High On Fiber: 10 Notable Telecom Deals This Year4:00 PM EST Wed. Sep. 15, 2010
Call it an M&A epidemic: The telecom service provider space has been a hotbed of strategic acquisitions and eye-opening mergers in 2010, and with two of the most notable deals of the year happening just this week, it's safe to say that trend doesn't show signs of a slowdown. Here's a look back at 10 major deals in the telco space this year, from the creation of a fixed-wireless powerhouse, to fiber companies being snapped up left and right, to a $10.6 billion blockbuster that will be remembered as one of 2010's biggest deals in tech, period.
Easily the most eye-popping event of telecom service provider M&A activity this year, Qwest Communications in April said it had entered into an agreement to be acquired by CenturyLink for $10.6 billion. Expected to be completed in the first half of 2011, the deal, an all-stock transaction, would create a combined company with 173,000 miles of fiber network in the U.S. Under the terms, CenturyLink will hold 50.5 percent of the company, with the rest held by Qwest's shareholders.
In early September, MegaPath, Covad and Speakeasy said that their merger agreement had been completed, creating a new powerhouse managed services local exchange carrier (MSLEC) that will be known as MegaPath. Financial terms were not disclosed, but the combined company serves more than 85,000 businesses with a full portfolio covering IP voice, security, VPN and various Internet services.
Call it a fixed-wireless dynamo: the merger of Airband Communications with Sparkplug last month, creating a force now known as Airband. Airband is based in Dallas and has a presence in 17 U.S. markets with a combined suite of wireless voice and data services. CEO Michael Ruley knows it will take investment in the channel to continue to grow the business; he told CRN in a recent interview that he'd love to see Airband's indirect channel business grow from 20 percent to at least 50 percent overall.
Paetec earlier this week ponied up $460 million in cash to acquire Cavalier Telephone Corp., its regional rival. The deal significantly expands Paetec's fiber-optic network business, adding Cavalier's 17,000 miles of fiber network in the U.S. and upping Paetec's own fiber network holdings to more than 37,000 miles. Cavalier is expected to be a wholly owned subsidiary of Paetec, and the companies expect the deal to close within six months.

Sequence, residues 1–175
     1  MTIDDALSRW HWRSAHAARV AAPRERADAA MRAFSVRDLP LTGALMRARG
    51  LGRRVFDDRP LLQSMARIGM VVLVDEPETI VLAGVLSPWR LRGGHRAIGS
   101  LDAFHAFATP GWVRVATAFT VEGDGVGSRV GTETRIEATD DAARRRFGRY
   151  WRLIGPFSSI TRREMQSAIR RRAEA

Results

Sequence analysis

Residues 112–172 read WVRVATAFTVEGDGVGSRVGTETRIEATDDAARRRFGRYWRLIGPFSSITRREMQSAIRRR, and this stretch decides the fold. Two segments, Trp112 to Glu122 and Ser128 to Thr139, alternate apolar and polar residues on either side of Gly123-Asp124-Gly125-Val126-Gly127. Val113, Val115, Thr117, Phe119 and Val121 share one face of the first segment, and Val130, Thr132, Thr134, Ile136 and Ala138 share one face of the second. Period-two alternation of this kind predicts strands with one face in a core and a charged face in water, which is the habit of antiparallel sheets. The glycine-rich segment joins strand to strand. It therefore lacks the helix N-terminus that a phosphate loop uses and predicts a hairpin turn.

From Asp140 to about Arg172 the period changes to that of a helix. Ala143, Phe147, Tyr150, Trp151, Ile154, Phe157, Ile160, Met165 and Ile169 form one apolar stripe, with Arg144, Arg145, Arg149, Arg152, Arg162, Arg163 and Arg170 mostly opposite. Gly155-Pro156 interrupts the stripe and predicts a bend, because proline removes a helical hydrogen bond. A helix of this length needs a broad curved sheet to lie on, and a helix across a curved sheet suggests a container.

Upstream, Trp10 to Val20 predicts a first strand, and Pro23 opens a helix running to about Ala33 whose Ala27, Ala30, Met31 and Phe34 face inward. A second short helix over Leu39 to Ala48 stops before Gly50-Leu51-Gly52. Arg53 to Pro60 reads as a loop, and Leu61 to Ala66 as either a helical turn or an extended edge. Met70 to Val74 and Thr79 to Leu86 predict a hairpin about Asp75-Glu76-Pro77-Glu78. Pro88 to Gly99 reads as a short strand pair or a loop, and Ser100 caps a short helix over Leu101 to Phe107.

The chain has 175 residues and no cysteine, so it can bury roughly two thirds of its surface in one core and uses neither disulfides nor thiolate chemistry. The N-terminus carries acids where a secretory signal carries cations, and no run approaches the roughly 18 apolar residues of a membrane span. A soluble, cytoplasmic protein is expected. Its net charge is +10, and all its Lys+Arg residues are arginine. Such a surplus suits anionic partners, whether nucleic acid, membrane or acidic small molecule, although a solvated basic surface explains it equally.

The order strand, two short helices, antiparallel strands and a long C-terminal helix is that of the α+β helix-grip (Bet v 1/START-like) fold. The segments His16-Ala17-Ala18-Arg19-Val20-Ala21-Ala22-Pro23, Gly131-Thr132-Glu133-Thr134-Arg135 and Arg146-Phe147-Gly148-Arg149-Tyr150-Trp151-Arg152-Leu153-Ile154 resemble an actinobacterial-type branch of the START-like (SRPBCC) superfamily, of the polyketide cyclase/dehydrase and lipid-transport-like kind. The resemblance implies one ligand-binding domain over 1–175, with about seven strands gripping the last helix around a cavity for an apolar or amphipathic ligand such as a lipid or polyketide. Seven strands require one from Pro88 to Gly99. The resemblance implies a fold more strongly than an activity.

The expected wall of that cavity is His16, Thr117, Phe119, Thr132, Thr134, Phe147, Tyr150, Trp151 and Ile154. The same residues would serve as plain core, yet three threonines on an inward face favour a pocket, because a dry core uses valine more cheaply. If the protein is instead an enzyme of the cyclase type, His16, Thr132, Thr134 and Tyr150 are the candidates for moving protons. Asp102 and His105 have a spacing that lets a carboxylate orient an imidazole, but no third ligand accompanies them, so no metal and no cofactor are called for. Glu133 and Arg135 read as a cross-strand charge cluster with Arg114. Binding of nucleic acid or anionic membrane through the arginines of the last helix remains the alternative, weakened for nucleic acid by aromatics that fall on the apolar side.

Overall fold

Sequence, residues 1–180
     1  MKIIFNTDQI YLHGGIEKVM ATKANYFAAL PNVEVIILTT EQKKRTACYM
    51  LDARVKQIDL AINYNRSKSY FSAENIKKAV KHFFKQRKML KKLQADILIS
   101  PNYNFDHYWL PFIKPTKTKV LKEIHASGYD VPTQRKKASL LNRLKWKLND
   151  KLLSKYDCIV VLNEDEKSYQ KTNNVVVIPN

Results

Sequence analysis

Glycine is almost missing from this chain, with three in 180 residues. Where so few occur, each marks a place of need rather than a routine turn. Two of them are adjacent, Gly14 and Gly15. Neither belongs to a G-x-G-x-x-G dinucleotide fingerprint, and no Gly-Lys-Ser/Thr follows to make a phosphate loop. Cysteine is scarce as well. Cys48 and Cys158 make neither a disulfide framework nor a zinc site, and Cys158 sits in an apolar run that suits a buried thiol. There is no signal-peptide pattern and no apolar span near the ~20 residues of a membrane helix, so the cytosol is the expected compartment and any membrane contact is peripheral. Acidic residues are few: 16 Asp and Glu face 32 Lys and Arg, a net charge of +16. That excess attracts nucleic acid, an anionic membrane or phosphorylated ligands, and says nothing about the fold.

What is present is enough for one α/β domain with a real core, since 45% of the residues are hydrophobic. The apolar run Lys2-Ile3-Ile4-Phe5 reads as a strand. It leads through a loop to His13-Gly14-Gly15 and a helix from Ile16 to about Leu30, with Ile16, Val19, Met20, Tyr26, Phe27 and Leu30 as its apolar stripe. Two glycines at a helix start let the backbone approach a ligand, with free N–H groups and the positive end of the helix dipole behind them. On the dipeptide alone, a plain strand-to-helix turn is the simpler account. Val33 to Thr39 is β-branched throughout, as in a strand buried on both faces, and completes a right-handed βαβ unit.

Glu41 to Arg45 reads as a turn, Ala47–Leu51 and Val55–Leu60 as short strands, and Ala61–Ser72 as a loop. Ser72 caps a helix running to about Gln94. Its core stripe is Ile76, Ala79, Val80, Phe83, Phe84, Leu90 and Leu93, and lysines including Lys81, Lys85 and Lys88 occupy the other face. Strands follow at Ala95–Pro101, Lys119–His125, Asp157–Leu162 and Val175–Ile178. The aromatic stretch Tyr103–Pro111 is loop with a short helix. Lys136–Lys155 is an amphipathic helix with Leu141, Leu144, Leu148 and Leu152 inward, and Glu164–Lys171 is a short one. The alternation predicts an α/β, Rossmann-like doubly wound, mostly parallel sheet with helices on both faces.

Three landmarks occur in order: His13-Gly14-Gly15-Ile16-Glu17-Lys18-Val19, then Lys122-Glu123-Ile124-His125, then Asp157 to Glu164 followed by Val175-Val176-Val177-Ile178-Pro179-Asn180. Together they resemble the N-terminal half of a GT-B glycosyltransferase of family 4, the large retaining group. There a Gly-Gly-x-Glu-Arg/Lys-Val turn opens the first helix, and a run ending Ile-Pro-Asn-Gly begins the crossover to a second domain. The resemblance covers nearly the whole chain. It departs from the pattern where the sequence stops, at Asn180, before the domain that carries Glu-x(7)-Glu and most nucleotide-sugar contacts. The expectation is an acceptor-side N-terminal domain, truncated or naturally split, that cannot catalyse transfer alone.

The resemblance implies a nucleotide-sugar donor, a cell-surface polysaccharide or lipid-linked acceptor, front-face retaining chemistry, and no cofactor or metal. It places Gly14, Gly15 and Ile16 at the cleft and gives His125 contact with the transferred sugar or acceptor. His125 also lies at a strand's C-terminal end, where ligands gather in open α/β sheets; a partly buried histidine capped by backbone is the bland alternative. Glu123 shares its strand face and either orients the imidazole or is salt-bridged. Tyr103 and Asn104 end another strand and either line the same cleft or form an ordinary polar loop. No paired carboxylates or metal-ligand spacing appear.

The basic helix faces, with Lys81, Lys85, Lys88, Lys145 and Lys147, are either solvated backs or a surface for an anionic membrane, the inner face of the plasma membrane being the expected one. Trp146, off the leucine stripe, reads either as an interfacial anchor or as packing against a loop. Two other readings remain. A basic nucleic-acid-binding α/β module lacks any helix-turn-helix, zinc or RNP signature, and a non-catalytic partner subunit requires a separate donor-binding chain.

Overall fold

Windstream has been a hungry, hungry services provider, having earlier this year snapped up both NuVox and Iowa Telecom. Last month, it went for the hat trick with a $782 million pickup of Q-Comm, and its subsidiaries, Kentucky Data Link (KDL) and Nortlight -- the former a long-haul fiber specialist with presence in 22 states and the latter a more traditional CLEC with a big Midwest presence.
Back in June, Zayo Group continued what's become a pretty impressive streak of acquisitions, having made 15 of them since 2007. Its most recent capture was American Fiber Systems Holding (AFS), which brought to Zayo's rapidly expanding empire a presence in six major metro markets largely in the Western U.S. and 800 route miles of fiber.
One Communications has had a tough summer, thanks to a downgrade by Standard & Poor over reported concerns about One's ability to meet financial targets. In mid-July, One parted with its FiberNet business, selling it off to nTelos -- the winning bidder among several potential suitors -- for $170 million, and giving nTelos an added 3,500 miles of fiber, largely in West Virginia.
Private equity interests certainly aren't standing idly by while the service provider space attempts to sort itself out. In one of the bigger recent deals, Court Square Capital Partners (formerly Citigroup Venture Capital), plunked down $500 million to pry FiberTech Networks -- whose strength is building and operating fiber-optic networks in the Eastern and Central U.S. -- from another set of private equity backers, Nautic Partners and Ridgemont Equity Partners.
Lightower Fiber Networks just this week pulled the trigger on acquiring Lexent Metro Connect, giving Lightower some 150 route miles of dark fiber through New York and New Jersey to add to the 4,600 fiber route miles it has already, plus access to more than 200 commercial buildings. In a statement, Lightower President and CEO Rob Shanahan described it as a "natural fit."
It was back in May 2009 that Frontier Communications cut an $8.6 billion deal to acquire Verizon's 4.8 million residential and small-business leased landlines -- giving Frontier major Verizon wireline assets in 14 states. It wasn't until July, however, that the actual changeover between carriers took place, and the deal will continue to have plenty of ramifications. Verizon landline spin-offs haven't gone too smoothly in the past, but Frontier has a practiced partner in Adtran, which is delivering platform products and services to Frontier customers.